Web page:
I spent a morning touring Amsterdam’s Schiphol Airport in search of new amenities and services to share.
Along the way my tour guide, Marianne de Bie (who reminded me that she’d been my tour guide almost ten years ago!) shared some stories about what the Schiphol staff did to try to make stranded people more comfortable during the “the ash cloud.”
The airport brought in shower trucks (the kind you see at festivals) and after a few days asked the First and Business class lounges with on-site showers to open them to passengers; which they did. Stranded passengers were also treated to sandwiches, free Wi-Fi, movies and offered toothpaste, socks, and underwear that the airport had quickly purchased to hand out.
“We have dollar stores like anyplace else,” de Bie told me, “But the underwear supplier made a mistake and included 500 pairs of expensive brand-name boxer shorts for men. Those turned out to be very popular.”
Volcano-delayed flights to and from Europe and beyond are resuming, but airport closures and flight cancellations may continue on-and-off for weeks. So this NYT tracking map may be handy for a while longer.
NYT volcano cancellation map
In the meantime, people have been opening their homes to stranded passengers and theaters, museums and restaurants have been offering discounted and free entertainment and meals to folks who found themselves stuck at the airport. At JFK, the company that operates all the restaurants and fast-food outlets in Terminal 4 – SSP America – organized a free buffet meal for about 300 on Monday night. Breakfast for 300 was served Tuesday morning as well.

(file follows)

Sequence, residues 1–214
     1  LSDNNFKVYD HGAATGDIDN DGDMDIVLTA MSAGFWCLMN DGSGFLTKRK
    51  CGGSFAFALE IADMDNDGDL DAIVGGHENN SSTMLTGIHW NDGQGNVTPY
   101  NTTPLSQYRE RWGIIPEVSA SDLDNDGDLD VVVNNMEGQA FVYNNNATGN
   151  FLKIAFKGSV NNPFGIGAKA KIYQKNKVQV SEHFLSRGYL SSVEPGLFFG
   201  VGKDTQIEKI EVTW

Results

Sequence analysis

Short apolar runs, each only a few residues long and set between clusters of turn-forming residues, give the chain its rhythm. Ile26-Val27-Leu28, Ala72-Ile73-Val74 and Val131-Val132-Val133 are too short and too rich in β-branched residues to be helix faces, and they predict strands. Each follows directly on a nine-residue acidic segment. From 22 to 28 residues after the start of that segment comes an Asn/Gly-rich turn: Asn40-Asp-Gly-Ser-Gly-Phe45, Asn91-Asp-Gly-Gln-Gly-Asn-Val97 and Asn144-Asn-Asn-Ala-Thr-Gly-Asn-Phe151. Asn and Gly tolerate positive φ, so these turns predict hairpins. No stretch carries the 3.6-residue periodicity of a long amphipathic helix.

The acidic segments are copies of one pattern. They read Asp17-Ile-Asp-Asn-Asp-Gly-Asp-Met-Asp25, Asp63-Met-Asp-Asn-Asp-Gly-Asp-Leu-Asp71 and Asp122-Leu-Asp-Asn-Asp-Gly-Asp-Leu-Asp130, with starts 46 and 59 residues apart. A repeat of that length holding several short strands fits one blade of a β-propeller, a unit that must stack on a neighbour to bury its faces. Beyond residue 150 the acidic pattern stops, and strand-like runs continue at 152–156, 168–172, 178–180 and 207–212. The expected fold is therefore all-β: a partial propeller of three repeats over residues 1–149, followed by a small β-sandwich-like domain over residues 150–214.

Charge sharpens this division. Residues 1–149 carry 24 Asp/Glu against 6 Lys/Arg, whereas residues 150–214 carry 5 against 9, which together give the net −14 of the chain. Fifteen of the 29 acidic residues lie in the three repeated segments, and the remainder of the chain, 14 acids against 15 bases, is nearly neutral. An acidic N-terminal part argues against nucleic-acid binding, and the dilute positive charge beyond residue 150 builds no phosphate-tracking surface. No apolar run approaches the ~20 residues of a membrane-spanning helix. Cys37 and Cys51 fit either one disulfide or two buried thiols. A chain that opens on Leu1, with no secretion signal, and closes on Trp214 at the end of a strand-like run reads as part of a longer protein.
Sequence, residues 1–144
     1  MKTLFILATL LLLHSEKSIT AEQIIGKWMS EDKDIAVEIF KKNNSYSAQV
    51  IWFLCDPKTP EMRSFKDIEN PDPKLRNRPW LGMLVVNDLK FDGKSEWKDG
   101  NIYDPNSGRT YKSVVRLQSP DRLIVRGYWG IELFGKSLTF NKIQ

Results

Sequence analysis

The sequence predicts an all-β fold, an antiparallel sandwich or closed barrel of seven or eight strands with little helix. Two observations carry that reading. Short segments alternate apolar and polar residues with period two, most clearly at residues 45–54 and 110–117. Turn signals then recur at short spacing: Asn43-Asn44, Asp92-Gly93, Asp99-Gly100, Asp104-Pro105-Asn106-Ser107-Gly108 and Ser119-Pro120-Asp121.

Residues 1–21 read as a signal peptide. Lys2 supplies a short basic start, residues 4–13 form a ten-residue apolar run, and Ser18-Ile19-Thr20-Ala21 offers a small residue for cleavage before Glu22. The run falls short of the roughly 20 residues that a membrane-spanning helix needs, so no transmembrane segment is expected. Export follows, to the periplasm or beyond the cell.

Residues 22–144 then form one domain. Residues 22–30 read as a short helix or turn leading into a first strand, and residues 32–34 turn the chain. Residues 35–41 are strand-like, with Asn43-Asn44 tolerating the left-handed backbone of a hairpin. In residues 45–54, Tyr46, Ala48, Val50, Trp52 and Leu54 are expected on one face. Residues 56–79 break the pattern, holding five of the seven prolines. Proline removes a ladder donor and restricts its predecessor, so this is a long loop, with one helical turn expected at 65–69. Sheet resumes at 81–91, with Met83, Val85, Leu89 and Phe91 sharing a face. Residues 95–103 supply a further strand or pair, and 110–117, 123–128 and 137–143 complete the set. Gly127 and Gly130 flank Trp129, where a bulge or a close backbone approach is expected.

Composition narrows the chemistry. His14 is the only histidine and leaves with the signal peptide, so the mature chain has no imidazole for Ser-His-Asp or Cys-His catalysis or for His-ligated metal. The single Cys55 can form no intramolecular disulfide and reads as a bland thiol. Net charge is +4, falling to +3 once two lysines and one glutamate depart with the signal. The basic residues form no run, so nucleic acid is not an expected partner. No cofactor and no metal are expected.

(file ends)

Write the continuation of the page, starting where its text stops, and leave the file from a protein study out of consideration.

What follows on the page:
And no doubt because I spent so much time learning about the ins and outs of some very tiny and unusual airports for a Bing story titled: Easy Flier: 10 airports that reduce the hassle, I was extremely interested in this story on CNN, which discusses some other small airports around the country that end up having to offer free flights in order to maintain federal funding.
This closing-the-airports-because-of-the -volcano, for the fifth day now, is getting to be too much for a lot of travelers and now, for the British government.
That’s why, says this article,“Royal Navy ships may be joined by commandeered civilian vessels to bring home British citizens, who have now been stuck since last Thursday across Europe and around the world.
It is possible that Spain, which is largely unaffected by the giant ash cloud from the Icelandic volcano, allowing aircraft to fly in its air space, may be used as the “hub” of the operation for people who are stranded outside Europe, principally in Africa and North America.”
And, as long as we’re all focused on volcanoes, take a look at this round-up of volcano images and information from around the world, courtesy of the Smithsonian Institution, including this stereograph labeled “Gazing through sulphurous vapors into the crater’s frightful depths Aso-San, Japan. 1904 or earlier.”
The Smithsonian archivist who gathered up these images notes that there is descriptive text on the back of the stereograph that includes this passage:
“You are in the province of Higo on the island of Kyushu, near the southwestern end of the Mikado’s island empire. This is the largest active volcano in the world. You come over from Kumamoto and get coolie guides like these bare-legged fellows, to show you the way up here to the rim of the crater. It is like the open door of the infernal regions. Those vapors are sulphur smoke and scalding steam; if you were to wait awhile, great tongues of fiery flame might very likely shoot up, lapping with hideous suggestiveness these very lips of volcanic rock on which you are dizzily perched. Horrid cracklings and roarings rise continually out of that bottomless pit into which the men are peering – there are sounds of ooiling and bubblings as of the Evil One’s own caldron, and every little while the crash of a thunderous explosion fills all this upper air.”